If looks made for a winning race car, there are some who would suggest Cruz Pedregon’s remake of the Keeling and Clayton California Charger Pontiac Trans-Am would never lose a race.
“It was an honor to get permission from one of the original owners to be able to build this car,” Pedregon said. “It was one of the cars I grew up as a kid watching and loved. It’s immaculate, shiny and has all of the characteristics of a show car. The fact we can run some of these cars at some of the nostalgia events makes it worthwhile for me. I couldn’t imagine spending the money it takes to build one of these cars just for it to sit. To race it, is just an honor.”
Jerry Clayton, the living member of the famous nitro team of the sixties and seventies, gave his blessings largely due to the fact he knew of the contributions the Pedregon family had made to the sport dating back to Frank Pedregon Sr.
“I was extremely proud he called,” said Clayton, who was in attendance at the California Hot Rod Reunion for the car’s race debut. “I have known Cruz for a long time. I knew of his father’s racing and how they raced. It was not a corporate billboard thing. It was a Pedregon family thing. It made me proud that he did that and I was more than willing to give my blessings.”
Pedregon, having previously done a Joe Pisano tribute car as well as having involvement with other nostalgia endeavors, knew the Bakersfield event wouldn’t be a simple walk in the park outing.
“Oh it’s a bit of work, for sure,” Pedregon said. “I have some of my crew out here helping with the car. It’s our off weekend with two races coming up. Unfortunately it’s our first rodeo with this car and we missed the cut.”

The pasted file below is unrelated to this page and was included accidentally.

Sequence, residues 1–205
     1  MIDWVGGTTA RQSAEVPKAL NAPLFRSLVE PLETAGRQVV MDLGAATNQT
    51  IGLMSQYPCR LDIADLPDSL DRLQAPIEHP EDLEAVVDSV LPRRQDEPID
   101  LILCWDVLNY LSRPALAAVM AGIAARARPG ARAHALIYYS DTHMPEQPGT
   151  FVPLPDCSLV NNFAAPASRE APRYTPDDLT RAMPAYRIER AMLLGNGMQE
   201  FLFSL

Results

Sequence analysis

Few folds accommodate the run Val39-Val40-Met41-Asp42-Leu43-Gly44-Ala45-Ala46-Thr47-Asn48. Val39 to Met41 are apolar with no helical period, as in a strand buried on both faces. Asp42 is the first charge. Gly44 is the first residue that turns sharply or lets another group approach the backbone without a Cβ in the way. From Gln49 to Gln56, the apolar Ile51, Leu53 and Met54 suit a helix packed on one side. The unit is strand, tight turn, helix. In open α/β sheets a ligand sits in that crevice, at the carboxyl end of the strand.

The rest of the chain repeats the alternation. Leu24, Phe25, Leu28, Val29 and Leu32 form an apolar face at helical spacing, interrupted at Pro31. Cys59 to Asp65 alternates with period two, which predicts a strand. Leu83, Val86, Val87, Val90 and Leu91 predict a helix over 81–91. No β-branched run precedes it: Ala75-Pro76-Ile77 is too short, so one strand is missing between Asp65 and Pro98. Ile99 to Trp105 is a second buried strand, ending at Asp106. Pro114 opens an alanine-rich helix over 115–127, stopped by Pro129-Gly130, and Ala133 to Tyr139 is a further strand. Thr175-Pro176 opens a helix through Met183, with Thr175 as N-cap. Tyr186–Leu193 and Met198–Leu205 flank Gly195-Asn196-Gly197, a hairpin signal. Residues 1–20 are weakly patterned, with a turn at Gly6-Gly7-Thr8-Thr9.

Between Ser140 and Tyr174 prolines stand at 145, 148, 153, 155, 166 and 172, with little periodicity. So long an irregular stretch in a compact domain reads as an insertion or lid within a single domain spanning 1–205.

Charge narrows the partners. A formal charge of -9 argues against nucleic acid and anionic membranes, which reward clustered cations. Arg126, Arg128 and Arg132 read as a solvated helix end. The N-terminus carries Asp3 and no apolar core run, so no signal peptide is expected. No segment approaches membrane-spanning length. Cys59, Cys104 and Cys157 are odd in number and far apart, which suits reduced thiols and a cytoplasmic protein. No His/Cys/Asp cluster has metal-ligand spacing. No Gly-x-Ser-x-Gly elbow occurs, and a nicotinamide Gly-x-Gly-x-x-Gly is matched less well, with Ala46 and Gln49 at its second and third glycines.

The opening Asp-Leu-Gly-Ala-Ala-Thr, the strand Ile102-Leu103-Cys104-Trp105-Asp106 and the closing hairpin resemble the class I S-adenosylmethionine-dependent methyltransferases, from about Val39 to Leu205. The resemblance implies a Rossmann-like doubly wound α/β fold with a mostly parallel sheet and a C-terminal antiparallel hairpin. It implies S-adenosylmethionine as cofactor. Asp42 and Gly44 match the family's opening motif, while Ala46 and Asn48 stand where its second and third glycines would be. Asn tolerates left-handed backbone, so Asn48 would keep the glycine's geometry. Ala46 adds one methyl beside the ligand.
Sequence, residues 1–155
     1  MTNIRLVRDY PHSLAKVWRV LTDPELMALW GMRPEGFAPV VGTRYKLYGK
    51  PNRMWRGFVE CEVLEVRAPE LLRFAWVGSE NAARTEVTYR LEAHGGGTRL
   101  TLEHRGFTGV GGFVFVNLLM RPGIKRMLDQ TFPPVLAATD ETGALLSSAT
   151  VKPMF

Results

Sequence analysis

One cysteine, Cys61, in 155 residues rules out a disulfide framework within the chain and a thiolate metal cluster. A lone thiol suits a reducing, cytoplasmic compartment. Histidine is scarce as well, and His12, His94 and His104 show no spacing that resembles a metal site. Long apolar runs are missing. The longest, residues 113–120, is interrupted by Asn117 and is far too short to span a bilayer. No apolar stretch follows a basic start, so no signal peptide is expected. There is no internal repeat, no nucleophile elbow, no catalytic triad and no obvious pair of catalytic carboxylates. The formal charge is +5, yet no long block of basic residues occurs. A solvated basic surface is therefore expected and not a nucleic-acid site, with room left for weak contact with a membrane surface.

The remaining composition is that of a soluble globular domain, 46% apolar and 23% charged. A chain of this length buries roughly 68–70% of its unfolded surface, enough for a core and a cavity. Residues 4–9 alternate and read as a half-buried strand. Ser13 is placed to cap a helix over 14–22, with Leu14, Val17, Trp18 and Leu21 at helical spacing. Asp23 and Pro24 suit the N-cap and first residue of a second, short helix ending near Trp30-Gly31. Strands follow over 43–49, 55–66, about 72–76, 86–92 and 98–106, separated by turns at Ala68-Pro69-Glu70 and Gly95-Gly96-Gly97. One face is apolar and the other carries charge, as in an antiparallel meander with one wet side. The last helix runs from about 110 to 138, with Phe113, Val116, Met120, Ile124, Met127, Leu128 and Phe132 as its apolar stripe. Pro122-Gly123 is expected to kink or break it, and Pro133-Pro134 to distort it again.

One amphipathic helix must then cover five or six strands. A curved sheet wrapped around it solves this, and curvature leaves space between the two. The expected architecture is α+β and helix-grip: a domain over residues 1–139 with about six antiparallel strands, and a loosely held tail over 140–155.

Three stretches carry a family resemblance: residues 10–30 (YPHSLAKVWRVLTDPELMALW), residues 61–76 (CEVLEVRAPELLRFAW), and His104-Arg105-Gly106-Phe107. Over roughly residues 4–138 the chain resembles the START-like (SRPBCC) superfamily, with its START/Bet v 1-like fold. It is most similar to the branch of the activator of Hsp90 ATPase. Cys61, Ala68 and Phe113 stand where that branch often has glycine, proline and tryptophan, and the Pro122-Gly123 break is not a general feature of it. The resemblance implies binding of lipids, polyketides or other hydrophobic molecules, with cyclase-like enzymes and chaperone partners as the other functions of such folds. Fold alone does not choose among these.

Pedregon’s new 1977 Pontiac ran a 5.972 which came up short of the 5.954 bubble.
“We’ll be back, but we’re not going to race it much and will limit it to a few races per year,” said Pedregon. “We definitely want to come back here and make the show.
For Clayton, the California Charger entry Pedregon brought out was as pretty as any of the entries he and deceased partner John Keeling fielded.
“Yes it is,” said Clayton. “He’s got a few details he’s going to change around. We had an extremely difficult time meeting or exceeding the level of the previous car with each new one. This car was our fifth or sixth one. We pushed the envelope a lot on them. It was always difficult to come up with something new and different each time. We always had to work within the ever-changing rules. There were several innovations we wanted to do but were denied.”
Pedregon said he wasn’t particularly looking to do a nostalgia flopper at the time but the more he looked at the California Charger entry, the more he became convinced the California Charger was a worthy reproduction.
“I said to myself many times if there was a car which should be done, it is this one,” Pedregon explained. “He [Clayton] was all excited and encouraged me to go forward with the project. Every detail in this car was done with total accuracy in mind.”
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